I voted for the Lobbying Act. Here’s what went wrong

We thought the Lobbying Act would be a good start. But recent scandals have proved we need much stronger transparency rules.

Rt Hon Lord Tyler CBE is the Liberal Democrat Spokesperson for Political & Constitutional Reform in the House of Lords.

“Sunlight is the best disinfectant” said David Cameron. Following recent revelations, I, like many others, have been revisiting the work we did on the Bill which became the 2014 Transparency of Lobbying etc Act, introduced by the Coalition Government which he led.

In passing it should be noted that this was the first effective attempt to bring lobbying out into daylight because the Blair/Brown Administrations did not perceive there to be a problem. The Bill was also energetically resisted by the Labour opposition, principally because it was also concerned with trade union political influence.

By contrast, at that time, I and my Liberal Democrat colleagues were especially concerned with its omissions.  I secured cross-party support in the Lords for an addition of Special Advisers to the list of recipients of lobbying approaches who should be registered.  After all, they are all too often the doorkeepers for favour-seekers. 

Eventually, we had to be satisfied with an alternative Government amendment that provided for a future addition.  With the end of the Coalition, this has never been delivered.  It remains an obvious loophole.

We also thought that we had secured a Ministerial promise that – once complications of definition had been resolved – ways would be found to register “in-house” lobbyists.  After 2015 this was conveniently forgotten.

Cameron claims to have been an in-house employee, and therefore ineligible for the lobbyist register.

However, this might be less problematic if the other even more substantial omission we identified had been addressed.  The continuing failure to tightened up on reporting all lobbying approaches is the most obvious systemic weakness.

The Bill was primarily concerned with who lobbies, rather than what they lobby about, when and to whom.

I pointed out in Committee that to find out who (say) Tesco had met in Government in the preceding 12 months required a manual check of 104 spreadsheets – quarterly reports from 26 different Government Departments.  If any of them were late in filing these reports, as many have been, the evidence of inappropriate contacts would be overtaken by legislative events.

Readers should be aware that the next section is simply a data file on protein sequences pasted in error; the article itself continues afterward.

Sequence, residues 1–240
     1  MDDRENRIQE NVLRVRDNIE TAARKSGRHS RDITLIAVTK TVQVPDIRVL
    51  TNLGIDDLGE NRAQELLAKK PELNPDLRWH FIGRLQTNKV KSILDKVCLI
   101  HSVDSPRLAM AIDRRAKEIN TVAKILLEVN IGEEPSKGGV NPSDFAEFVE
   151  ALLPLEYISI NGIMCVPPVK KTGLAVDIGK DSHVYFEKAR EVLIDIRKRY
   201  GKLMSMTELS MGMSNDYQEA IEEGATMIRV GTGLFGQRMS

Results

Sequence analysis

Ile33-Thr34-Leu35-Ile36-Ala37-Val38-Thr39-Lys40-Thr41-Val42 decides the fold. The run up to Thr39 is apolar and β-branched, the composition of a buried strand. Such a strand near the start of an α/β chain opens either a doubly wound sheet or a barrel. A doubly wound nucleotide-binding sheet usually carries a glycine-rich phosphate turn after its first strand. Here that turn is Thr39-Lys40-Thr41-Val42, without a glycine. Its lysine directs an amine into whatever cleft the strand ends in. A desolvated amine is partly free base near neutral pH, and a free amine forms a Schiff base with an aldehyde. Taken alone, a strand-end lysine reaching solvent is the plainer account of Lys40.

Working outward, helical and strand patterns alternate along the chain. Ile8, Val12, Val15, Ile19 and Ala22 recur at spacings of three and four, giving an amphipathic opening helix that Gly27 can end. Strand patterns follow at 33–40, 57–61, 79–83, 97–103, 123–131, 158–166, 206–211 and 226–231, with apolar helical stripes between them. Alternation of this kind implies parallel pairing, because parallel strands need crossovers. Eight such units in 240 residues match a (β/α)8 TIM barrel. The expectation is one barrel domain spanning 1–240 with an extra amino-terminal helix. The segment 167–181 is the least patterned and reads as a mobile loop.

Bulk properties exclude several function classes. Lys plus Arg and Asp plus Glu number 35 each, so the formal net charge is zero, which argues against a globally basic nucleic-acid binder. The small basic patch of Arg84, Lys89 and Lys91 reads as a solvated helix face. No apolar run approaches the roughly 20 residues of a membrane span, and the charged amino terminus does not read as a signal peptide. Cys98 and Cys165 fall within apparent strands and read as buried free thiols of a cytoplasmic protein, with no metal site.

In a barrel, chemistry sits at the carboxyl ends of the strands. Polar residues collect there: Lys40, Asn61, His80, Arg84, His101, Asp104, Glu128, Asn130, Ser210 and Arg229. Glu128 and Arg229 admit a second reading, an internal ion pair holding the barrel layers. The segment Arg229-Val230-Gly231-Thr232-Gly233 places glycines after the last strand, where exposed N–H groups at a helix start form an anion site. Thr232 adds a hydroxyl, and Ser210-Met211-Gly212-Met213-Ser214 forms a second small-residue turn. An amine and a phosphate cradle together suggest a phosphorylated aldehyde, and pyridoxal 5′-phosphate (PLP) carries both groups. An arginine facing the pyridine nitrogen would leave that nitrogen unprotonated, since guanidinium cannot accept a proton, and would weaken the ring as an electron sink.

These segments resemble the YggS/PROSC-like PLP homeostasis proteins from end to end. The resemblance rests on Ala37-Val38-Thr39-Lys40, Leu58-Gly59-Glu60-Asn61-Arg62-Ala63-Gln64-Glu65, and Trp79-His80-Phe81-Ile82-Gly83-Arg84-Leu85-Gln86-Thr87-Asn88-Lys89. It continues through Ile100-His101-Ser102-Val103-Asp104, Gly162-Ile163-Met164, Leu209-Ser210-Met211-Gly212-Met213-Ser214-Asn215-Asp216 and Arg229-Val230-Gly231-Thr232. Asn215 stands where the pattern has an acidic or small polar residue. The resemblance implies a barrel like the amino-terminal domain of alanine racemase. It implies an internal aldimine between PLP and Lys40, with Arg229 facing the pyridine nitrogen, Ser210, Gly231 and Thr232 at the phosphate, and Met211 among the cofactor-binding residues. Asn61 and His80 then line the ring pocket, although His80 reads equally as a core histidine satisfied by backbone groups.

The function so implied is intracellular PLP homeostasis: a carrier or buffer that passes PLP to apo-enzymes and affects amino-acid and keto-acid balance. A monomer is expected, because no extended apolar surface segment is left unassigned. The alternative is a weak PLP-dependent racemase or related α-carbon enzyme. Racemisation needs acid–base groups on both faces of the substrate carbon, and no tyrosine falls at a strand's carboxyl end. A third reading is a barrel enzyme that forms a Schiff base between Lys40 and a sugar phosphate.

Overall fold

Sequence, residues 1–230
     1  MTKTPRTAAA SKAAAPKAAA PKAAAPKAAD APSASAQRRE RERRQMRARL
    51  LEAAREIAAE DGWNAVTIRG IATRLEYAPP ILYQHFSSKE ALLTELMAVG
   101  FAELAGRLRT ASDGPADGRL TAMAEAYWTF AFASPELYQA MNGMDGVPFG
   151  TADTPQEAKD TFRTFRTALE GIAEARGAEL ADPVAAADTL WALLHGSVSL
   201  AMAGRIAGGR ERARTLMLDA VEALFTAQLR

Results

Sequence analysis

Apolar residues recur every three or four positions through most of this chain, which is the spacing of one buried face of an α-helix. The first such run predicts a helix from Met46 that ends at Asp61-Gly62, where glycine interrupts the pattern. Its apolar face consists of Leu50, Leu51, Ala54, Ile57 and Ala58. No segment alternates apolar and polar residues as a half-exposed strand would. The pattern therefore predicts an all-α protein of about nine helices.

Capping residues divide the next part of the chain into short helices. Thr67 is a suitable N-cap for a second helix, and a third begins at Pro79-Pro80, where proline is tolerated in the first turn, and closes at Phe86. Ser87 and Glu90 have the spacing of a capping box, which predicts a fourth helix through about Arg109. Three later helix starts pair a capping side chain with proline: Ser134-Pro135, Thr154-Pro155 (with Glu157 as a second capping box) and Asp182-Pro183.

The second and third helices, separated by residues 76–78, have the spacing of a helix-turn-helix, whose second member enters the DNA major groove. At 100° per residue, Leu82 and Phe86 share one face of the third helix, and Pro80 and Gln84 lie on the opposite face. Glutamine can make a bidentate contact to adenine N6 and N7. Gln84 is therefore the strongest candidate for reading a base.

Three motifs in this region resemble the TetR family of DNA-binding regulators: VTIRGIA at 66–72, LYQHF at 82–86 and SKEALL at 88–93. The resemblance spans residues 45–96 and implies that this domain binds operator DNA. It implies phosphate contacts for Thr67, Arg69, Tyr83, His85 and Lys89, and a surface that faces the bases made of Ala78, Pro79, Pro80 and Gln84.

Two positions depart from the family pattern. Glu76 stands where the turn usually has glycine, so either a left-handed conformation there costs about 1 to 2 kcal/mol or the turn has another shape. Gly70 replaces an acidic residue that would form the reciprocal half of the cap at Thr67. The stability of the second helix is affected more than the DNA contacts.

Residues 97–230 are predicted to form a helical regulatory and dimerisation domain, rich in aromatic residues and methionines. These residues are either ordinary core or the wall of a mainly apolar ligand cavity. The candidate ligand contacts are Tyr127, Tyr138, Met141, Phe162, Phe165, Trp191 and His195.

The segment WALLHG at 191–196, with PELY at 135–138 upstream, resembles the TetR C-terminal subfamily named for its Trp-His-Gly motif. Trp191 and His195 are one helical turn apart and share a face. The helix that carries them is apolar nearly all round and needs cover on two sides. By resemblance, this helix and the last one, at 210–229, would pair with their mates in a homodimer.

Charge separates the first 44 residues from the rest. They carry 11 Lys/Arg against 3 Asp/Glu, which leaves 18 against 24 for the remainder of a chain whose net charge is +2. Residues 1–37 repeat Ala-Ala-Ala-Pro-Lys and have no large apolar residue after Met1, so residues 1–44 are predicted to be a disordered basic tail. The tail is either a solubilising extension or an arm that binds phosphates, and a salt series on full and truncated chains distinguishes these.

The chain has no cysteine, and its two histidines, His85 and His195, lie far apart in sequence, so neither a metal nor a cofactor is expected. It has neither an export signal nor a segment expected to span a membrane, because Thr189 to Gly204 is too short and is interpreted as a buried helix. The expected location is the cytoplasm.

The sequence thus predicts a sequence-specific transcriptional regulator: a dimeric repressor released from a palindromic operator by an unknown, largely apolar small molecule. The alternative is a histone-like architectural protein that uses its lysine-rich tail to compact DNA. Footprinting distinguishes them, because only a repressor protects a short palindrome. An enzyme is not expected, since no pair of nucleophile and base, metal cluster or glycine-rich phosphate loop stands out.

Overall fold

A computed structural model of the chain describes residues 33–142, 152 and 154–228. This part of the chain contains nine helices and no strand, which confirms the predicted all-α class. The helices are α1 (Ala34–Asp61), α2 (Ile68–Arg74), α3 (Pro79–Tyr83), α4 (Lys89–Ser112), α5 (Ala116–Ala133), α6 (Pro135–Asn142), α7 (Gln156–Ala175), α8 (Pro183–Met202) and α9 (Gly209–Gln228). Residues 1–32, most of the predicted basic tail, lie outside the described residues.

Investigative journalists, let alone interested members of the public, wouldn’t have a hope of tracking down improper or corrupt influence in good time.

It was a classic case of the evidence being “hidden in plain sight”, as I argued.

The then Government made a rather half-hearted attempt to tighten up the reporting arrangements.  Since 2015 the situation has deteriorated further, as anyone seeking real time evidence will find.

In 2013-14 we were also not so fully aware of the explosion of new forms of communication which could be employed by favourite influencers.  I doubt whether even the most generous party funders had access to the then Prime Minister’s private mobile phone to send a text.  We should, however, have taken note of the huge increase in email communication. 

In retrospect it seems that it might have been legislatively impossible to cater for every conceivable form of communication in the Bill.  However, we should surely have insisted that the Ministerial and Civil Service Codes were regularly updated to give cast iron certainty that every single approach of this nature to a Minister was recorded in detail by a Civil Servant, together with any executive decision that resulted from it.

Even if the conversation was with a developer at a party fund-raising event, and the decision was not to intervene, that should be a reportable lobbying incident, and the Codes should cater for it.

We should acknowledge that the Transparency Act is never likely to be wholly sufficient if any of those involved in governance are determined to exempt themselves from the spirit of the law, and the Nolan Principles on which it is based.

In his introduction to the Ministerial Code, writing on becoming Prime Minister, Boris Johnson committed himself and his Ministers as follows:

“No bullying and no harassment, no leaking, no breach of collective interest. No misuse of taxpayer money and no actual or perceived conflicts of interest.”

The lesson for us all is that the letter of the law is only the bare minimum a watchful democracy requires of its government: the integrity of the governors is vital too.

During the passage of the Transparency Bill I congratulated the Coalition Government on “having made such a good start”.  It is widely recognised that the succeeding administrations, and Prime Ministers, have both failed to make good the acknowledged deficiencies in that legislation and to underpin its good intentions with scrupulous implementation.

We have all learnt the hard way that subsequent events have shown we were right to insist that further progress, in the light of experience, would be absolutely essential.   

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